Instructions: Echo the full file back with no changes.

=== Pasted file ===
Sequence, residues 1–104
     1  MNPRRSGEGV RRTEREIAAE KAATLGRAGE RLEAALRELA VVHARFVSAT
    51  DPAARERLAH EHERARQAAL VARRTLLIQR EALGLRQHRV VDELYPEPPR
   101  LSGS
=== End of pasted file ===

Sequence, residues 1–104
     1  MNPRRSGEGV RRTEREIAAE KAATLGRAGE RLEAALRELA VVHARFVSAT
    51  DPAARERLAH EHERARQAAL VARRTLLIQR EALGLRQHRV VDELYPEPPR
   101  LSGS